Evolution of cognition: A study of sympatric morphs of Arctic charr (Salvenius alpinus)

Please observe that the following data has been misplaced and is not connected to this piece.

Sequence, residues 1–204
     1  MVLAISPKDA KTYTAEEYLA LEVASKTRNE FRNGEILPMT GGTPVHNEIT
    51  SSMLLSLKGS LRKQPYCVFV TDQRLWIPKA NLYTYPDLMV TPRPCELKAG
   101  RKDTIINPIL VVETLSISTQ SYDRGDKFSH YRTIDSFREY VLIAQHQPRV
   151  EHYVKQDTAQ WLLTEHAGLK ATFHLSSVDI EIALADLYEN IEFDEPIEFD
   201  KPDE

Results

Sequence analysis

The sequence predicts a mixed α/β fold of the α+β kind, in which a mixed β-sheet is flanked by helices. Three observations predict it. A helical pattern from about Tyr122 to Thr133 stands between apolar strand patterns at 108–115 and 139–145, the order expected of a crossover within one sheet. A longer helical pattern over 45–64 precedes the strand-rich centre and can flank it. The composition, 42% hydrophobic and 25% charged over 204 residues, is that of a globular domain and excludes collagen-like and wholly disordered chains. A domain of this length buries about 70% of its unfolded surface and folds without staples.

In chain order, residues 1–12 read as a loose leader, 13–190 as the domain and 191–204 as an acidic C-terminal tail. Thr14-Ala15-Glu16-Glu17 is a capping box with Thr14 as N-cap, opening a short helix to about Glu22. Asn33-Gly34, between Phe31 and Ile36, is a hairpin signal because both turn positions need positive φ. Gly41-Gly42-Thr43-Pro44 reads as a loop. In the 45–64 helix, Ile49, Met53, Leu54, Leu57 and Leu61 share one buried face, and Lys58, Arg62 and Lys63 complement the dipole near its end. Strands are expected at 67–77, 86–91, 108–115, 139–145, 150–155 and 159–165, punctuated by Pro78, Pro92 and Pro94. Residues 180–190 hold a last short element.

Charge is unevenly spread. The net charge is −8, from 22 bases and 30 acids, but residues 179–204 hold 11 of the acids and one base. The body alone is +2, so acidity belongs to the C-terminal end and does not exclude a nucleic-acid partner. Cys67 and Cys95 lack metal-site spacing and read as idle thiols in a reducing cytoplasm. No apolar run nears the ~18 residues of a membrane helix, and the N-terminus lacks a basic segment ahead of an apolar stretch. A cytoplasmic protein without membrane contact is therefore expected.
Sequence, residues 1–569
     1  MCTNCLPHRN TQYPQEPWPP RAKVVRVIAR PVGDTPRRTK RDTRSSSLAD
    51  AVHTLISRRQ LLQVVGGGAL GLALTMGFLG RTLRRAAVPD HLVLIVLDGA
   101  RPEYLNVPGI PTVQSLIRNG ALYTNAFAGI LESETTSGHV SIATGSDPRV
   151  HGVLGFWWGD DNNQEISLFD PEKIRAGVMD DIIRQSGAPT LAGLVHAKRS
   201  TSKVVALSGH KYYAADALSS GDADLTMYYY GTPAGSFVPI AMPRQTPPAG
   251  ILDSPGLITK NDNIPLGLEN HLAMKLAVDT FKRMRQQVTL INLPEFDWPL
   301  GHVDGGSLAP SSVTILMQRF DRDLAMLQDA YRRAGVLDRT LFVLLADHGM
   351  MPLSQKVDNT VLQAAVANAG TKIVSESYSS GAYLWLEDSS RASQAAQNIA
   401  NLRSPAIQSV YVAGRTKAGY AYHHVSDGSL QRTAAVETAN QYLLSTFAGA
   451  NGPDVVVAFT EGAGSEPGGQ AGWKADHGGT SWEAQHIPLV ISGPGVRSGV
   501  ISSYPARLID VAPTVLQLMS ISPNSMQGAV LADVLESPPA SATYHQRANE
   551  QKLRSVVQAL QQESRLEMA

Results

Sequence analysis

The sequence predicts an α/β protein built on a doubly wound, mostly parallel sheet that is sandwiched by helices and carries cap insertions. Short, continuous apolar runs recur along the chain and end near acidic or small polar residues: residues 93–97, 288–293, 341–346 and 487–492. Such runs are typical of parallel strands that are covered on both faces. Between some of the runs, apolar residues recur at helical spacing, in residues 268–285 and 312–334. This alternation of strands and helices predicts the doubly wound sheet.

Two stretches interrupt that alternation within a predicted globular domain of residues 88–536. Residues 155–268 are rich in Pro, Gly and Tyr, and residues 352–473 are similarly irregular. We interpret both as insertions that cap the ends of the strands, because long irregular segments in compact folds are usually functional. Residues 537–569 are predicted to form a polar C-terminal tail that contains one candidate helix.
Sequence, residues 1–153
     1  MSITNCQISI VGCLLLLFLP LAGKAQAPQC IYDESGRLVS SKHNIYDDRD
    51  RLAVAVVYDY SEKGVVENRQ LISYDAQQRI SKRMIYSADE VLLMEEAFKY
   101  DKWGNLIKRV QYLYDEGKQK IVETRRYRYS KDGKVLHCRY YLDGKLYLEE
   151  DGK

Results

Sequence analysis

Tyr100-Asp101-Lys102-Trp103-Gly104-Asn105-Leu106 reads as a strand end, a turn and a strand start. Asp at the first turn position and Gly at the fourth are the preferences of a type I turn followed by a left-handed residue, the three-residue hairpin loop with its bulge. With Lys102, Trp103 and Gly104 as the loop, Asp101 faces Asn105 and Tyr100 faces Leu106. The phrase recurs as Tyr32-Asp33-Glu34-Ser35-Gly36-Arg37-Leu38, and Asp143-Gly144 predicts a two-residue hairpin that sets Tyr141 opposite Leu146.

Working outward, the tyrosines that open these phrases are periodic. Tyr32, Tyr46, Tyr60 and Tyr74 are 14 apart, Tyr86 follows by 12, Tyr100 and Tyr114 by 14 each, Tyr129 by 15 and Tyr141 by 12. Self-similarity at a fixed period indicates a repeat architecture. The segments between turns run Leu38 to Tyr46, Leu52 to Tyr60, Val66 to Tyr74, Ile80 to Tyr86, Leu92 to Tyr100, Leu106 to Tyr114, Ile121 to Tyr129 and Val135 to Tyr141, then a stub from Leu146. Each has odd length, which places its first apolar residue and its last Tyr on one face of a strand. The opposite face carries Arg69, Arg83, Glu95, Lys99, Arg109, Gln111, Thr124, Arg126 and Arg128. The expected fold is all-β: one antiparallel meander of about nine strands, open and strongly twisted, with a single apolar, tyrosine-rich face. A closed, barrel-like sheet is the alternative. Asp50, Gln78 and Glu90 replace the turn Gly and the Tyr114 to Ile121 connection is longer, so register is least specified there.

Cognitive abilities are involved in the way individuals’ cope with their environment. To understand individual variation in cognition, it is necessary to consider the ecological and evolutionary context of the species being studied. Fishes experience a wide variety of environments, even within the same species leading to different morphs such as anadromous, benthic and pelagic morphs in Artic charr (Salvenius alpinus, AC). The present study aims to explore how environment of AC shapes their cognition. We hypothesize that cognition can be impacted by the degree of divergence i.e. divergence along an evolutionary and ecologically gradient. We will compare spatial cognition, personality traits, brain size, structure and molecular markers of i) domesticated aquaculture AC raised in enriched versus plain environment; ii) wild-caught AC morphs along a degree of divergence living in either anadromous, enriched versus plain environments. This project is the first to study cognition processes in AC and will assist in understanding which brain structure may be important for cognition adaptations. We expect that wild origin and environmental enrichment will have a positive effect in fish cognitive abilities related to bigger brain size and that cognitive performances will vary according to AC morphs. This project will deepen our understanding of evolution of cognition.